When Laika first began nine years ago, its first two acquisitions were Coraline and Here Be Monsters!. However, because of the tremendous scope and free-flowing narrative of Alan Snow’s 550-page steampunk opus, it’s taken a lot longer for The Boxtrolls to come together. And while it’s received Laika’s most mixed reviews, it’s surely the riskiest and, arguably, the most brilliant of Laika’s trio of films, which I discuss with CEO/producer/lead artist Travis Knight (view exclusive video below).
Indeed, The Boxtrolls embraces a wacky British wit and a wild look that encompasses Victoriana and Impressionism, requiring Laika to up its 3D color printing for face replacement and devise more complex mechanics for its eponymous non-humans. Plus the imposing Mecha-Drill is the biggest character ever conceived at the studio. It was made at full scale and with the use of motion-control devices to capture it in camera and from a unified perspective.
But Knight is not a purist. He’s after a certain polish that doesn’t call undue attention to the artifice and take us into the uncanny valley of stop-motion. He wants us to connect with these characters emotionally and not think of them as dolls made of silicon and steel. As busy as he is running the company, though, Knight still tries to hone his craft nearly every day.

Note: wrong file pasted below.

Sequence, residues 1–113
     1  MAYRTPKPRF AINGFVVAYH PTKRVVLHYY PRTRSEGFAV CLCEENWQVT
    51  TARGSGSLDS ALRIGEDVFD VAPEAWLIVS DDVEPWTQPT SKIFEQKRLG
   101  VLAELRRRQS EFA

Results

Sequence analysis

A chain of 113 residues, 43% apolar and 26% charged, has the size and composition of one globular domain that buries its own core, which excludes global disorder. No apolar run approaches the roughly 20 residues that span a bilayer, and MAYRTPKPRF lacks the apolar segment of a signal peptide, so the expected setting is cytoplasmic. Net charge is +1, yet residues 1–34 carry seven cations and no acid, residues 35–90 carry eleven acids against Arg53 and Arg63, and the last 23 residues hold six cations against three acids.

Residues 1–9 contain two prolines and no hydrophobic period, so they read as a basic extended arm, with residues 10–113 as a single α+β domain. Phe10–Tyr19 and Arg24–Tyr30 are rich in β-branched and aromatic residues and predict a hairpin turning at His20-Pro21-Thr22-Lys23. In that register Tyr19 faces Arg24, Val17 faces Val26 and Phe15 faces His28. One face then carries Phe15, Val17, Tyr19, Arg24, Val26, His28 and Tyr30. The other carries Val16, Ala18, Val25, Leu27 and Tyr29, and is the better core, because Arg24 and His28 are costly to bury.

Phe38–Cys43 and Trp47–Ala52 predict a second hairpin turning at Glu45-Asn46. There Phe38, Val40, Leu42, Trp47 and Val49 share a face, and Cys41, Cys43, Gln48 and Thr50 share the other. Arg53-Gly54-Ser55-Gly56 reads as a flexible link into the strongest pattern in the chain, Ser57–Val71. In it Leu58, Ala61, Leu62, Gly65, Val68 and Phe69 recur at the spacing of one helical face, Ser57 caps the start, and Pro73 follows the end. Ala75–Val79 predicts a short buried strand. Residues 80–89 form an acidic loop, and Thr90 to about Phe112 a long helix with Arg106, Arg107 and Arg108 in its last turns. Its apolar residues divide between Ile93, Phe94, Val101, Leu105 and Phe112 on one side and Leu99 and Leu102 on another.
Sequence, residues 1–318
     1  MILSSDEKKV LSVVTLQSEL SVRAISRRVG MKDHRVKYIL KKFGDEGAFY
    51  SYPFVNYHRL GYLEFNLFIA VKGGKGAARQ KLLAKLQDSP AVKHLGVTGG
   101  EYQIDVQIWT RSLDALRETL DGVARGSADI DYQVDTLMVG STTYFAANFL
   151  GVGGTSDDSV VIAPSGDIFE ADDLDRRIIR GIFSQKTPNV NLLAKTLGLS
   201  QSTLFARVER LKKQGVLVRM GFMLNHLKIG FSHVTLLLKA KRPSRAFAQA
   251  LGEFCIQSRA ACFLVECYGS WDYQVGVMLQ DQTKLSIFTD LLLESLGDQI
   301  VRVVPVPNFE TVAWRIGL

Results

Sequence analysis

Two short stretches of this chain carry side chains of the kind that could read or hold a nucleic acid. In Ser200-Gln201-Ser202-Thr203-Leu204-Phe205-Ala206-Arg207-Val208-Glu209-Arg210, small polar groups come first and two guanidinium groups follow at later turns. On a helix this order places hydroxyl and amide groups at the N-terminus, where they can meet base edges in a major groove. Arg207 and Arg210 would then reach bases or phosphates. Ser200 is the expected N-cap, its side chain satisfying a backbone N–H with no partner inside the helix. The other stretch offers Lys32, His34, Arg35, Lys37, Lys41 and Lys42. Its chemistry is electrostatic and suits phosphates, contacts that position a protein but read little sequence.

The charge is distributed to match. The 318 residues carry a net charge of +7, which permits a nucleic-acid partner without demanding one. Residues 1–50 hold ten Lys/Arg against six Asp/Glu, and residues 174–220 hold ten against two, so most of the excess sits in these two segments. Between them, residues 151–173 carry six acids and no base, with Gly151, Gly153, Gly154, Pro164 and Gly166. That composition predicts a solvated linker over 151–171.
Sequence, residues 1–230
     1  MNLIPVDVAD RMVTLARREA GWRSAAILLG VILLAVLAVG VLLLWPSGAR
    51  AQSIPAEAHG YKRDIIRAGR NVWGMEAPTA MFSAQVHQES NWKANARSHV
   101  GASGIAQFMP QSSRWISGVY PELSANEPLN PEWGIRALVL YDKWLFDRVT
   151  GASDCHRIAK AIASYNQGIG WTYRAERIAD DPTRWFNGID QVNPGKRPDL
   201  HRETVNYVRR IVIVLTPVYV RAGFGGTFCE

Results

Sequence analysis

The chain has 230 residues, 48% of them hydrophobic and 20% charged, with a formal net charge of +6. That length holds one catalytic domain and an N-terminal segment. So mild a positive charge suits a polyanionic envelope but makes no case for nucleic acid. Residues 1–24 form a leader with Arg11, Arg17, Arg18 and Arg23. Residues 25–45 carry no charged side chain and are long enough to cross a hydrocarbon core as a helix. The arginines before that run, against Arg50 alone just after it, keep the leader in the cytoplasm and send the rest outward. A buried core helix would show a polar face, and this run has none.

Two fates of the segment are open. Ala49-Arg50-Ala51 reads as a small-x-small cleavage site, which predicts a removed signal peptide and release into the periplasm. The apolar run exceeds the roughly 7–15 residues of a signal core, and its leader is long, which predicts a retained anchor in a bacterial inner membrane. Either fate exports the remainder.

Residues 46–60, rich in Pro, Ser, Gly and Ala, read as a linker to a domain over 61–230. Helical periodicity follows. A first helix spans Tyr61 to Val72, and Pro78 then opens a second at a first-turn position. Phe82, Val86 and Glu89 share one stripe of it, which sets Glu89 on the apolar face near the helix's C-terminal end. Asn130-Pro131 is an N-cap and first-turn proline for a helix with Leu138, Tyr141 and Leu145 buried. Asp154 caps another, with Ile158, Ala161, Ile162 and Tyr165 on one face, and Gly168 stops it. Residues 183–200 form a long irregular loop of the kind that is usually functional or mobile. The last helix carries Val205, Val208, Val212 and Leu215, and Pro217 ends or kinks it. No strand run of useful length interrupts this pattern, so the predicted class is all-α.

On Boxtrolls, Knight focused on two main scenes: When Winnie (Elle Fanning) meets Eggs (Isaac Hempstead-Wright) for the first time at night and they connect as kindred spirits, which established how all the main characters moved. And when Eggs is in the cage after being snatched by Snatcher (Ben Kingsley) and meets his long-forgotten father (Simon Pegg) for the first time.
“It’s not easy with retractable characters in boxes or an Impressionistic design style with imposing, theatrical colors up against each other. Or Eggs, your hero into the film, who has to be the most expressive character. We didn’t make him a bobble head like Coraline or ParaNorman. His head is the smallest and most naturalistic we’ve had to work with.”
That’s the Laika ethos.